This recipe will make one 14 x 11 inch loaf – which we predict won’t be around for long. It’s just that good.

Duck Fat Foccacia Bread

Duck Fat Focaccia Bread

Ingredients

2½ teaspoons active dry yeast
1⅔ cup warm water (about 110 degrees F)
½ cup Duck Fat, melted, divided use
2 cups bread flour
2 cups all-purpose flour, plus more as needed
2 teaspoons coarse salt
2 tablespoons chopped fresh herbs, such as thyme, rosemary, and/or oregano
1½ teaspoons Maldon salt, or Gros Sel

Preparation

1. In the bowl of a stand mixer fitted with a paddle attachment, stir together yeast and warm water. Let stand about 5 minutes until foamy. Add 2 cups bread flour, 2 cups all-purpose flour, ¼ cup duck fat, and coarse salt. Beat until mixture comes together. Switch to dough hook attachment and knead on medium-low speed until dough is smooth and elastic. Finished dough should be just slightly sticky, so add additional flour a little at a time, if needed.

2. Gently round dough into a ball and place in a large bowl that’s been lightly greased with duck fat. Cover with plastic wrap and let rise in a warm location until double in size, about 1½ hours.
Generously grease a 14 x 11 inch baking pan with duck fat. Press the dough evenly into the pan and cover with plastic wrap or a tea towel. Allow to rise until doubled again, about 1 hour.
Preheat oven to 425 degrees F with rack in the center.

3. Using the end of a wooden spoon greased with duck fat, press deep indents into the dough at 1” intervals. Brush with remaining duck fat, allowing the fat to pool into indentations. Sprinkle herbs evenly over the dough, then repeat with Maldon salt. Bake until bread is golden brown, about 25 to 30 minutes. Cool in the pan then slice and serve. Wrapped in plastic wrap, focaccia will keep for about 3 days.

Happy Earth Day

On Earth Day, we thank the farmers.

Let us work together to honor and respect the Earth that sustains us all … today and every day.

Earth Day 2016

Porcelet: Young Milk-Fed Pig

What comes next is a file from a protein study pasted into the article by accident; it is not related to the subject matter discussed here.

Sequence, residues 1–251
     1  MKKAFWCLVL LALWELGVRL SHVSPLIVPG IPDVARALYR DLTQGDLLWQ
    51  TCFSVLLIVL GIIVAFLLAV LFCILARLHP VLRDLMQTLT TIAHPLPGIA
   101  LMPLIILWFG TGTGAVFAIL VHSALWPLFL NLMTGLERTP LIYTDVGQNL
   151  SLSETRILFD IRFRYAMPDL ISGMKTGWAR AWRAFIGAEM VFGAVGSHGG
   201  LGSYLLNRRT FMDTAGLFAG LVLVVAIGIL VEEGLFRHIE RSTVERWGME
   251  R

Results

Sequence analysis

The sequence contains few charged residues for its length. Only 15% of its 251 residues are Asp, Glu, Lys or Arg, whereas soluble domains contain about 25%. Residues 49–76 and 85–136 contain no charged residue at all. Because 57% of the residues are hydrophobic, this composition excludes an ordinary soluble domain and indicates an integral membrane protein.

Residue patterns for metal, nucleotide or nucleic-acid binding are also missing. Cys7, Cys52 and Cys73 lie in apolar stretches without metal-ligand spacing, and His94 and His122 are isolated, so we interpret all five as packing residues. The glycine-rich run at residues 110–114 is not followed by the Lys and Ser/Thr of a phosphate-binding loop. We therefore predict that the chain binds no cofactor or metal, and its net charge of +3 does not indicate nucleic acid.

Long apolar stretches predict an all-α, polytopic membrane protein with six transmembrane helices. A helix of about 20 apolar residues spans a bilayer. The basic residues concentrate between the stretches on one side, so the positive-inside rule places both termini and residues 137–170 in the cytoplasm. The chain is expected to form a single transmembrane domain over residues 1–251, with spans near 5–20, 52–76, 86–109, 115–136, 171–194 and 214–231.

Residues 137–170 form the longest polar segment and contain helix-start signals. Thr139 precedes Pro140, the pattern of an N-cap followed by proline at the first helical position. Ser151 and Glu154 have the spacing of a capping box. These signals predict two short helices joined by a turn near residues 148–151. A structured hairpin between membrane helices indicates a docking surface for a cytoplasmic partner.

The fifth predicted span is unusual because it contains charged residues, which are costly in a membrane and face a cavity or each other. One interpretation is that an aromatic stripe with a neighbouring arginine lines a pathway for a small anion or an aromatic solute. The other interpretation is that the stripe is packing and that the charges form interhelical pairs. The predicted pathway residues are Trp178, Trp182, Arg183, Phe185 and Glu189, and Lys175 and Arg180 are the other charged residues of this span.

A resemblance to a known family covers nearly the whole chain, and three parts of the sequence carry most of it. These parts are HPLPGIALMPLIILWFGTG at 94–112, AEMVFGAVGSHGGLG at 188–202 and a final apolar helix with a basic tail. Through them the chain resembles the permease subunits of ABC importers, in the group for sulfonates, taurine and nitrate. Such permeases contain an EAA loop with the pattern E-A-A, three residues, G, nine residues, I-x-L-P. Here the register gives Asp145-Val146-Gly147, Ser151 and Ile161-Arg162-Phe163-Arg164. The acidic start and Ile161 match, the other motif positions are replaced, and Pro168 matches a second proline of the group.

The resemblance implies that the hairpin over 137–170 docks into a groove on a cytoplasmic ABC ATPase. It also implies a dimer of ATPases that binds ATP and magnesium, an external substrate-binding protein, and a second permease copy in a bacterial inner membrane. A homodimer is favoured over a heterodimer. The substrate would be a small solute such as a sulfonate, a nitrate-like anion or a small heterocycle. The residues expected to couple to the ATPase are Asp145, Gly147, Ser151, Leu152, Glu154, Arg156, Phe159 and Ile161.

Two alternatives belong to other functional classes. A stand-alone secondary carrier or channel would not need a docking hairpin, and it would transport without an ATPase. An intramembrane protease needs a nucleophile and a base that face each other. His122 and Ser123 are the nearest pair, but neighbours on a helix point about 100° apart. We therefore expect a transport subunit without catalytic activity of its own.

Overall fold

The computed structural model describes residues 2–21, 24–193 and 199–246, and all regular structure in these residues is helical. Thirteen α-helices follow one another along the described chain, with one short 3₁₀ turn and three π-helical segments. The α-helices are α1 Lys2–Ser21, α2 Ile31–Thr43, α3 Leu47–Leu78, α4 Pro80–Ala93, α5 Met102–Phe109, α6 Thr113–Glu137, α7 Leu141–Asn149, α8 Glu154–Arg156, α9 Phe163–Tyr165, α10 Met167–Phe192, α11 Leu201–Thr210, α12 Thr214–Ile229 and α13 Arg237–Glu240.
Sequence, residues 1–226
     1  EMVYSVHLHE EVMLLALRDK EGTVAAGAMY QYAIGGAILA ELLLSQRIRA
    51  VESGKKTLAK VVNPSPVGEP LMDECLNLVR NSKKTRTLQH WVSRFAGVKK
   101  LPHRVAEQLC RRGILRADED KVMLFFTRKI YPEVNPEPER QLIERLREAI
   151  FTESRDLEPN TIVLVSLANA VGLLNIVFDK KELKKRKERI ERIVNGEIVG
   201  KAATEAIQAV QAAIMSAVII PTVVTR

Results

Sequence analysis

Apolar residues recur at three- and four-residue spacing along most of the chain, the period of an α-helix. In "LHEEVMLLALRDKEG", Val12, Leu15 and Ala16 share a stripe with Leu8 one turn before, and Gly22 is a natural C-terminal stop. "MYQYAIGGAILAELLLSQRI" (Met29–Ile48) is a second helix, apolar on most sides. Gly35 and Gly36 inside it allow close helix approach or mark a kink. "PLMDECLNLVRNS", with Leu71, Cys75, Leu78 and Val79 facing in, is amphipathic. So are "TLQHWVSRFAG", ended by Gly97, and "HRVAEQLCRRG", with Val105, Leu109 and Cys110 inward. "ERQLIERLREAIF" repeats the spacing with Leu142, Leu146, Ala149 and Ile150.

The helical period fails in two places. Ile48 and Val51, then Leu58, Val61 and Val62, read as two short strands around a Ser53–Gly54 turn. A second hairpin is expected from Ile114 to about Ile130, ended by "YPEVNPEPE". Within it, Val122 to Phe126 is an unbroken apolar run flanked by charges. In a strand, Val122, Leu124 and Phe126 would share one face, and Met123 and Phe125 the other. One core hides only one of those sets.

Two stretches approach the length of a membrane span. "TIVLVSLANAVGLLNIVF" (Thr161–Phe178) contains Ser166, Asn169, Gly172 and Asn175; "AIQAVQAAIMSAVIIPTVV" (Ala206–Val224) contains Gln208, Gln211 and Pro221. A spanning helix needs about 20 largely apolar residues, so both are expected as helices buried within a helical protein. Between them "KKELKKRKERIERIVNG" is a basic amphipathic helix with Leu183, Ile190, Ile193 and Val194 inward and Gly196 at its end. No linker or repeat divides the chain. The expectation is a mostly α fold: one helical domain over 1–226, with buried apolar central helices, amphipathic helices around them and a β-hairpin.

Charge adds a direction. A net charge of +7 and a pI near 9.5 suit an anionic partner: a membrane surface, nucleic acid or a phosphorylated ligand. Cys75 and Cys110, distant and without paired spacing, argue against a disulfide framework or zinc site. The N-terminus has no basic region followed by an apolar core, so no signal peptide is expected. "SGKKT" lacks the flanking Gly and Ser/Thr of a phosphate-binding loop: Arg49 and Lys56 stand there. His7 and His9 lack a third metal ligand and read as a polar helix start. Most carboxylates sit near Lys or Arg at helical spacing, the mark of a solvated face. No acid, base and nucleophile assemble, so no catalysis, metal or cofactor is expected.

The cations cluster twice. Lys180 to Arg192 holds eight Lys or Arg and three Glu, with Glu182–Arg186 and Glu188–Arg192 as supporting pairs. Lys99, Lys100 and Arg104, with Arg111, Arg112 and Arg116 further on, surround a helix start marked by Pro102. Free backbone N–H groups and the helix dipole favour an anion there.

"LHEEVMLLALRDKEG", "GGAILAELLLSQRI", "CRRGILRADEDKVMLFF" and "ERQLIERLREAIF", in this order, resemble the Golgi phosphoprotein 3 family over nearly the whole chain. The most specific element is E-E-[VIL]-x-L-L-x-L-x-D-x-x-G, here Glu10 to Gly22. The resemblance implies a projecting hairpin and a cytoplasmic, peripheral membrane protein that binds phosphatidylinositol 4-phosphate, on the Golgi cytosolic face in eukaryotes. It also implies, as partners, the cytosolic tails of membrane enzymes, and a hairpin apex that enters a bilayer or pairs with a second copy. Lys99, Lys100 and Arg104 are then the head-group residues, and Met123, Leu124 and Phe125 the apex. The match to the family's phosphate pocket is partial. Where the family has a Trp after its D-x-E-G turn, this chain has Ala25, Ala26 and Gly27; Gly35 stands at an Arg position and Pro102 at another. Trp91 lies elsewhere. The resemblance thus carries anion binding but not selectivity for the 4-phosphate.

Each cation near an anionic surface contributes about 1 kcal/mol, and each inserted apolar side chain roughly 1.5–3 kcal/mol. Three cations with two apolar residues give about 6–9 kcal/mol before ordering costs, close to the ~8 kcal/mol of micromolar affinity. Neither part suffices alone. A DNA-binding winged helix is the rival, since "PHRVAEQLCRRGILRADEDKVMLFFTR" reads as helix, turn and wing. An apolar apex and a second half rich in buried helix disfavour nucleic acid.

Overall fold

Porcelet refers to a young milk-fed pig. Known as cochon de lait in French, this type of suckling pig is a highly-regarded delicacy. Hard to find in the United States, the milk-fed pig known as porcelet is only available from D’Artagnan. Many of our chef clients have offered porcelet on their menus for few years, and now it’s being made available to the home cook at dartagnan.com.

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Porcelet with Cara Cara Orange Mojo, Chef Kyle Beebe, M Restaurant at the Morris Hotel, Philadelphia, PA

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Planning a Pig Roast

For those who like to eat – and to cook – nothing says “serious party” like a suckling pig. Any gathering with a whole pig at the center becomes the day’s event, and will be remembered and talked about fondly.

After all the prep work and the lighting of the coals comes the roasting, with the smell of pork rising up like an offering, and the skin slowing becoming a bronzed and lacquered shell. A small crowd gathered around the fire, anticipating the tasty results. Ample supply of libations. This is a primal ritual that captivates us, across cultures and through the ages.

Once available only to professional chefs, we now offer whole suckling and roasting pigs to the home cook at dartagnan.com. Which means your backyard party just made the not-to-be-missed list.